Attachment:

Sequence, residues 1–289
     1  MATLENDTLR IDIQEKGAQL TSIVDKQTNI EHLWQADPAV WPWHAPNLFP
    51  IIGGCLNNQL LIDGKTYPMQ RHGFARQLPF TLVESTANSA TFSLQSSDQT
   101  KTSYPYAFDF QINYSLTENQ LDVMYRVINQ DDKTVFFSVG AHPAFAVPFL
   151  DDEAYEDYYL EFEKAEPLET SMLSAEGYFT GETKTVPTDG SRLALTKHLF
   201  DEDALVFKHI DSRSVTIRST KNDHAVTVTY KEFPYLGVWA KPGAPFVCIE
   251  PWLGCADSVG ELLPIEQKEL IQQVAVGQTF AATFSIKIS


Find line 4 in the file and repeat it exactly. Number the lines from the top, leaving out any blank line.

   101  KTSYPYAFDF QINYSLTENQ LDVMYRVINQ DDKTVFFSVG AHPAFAVPFL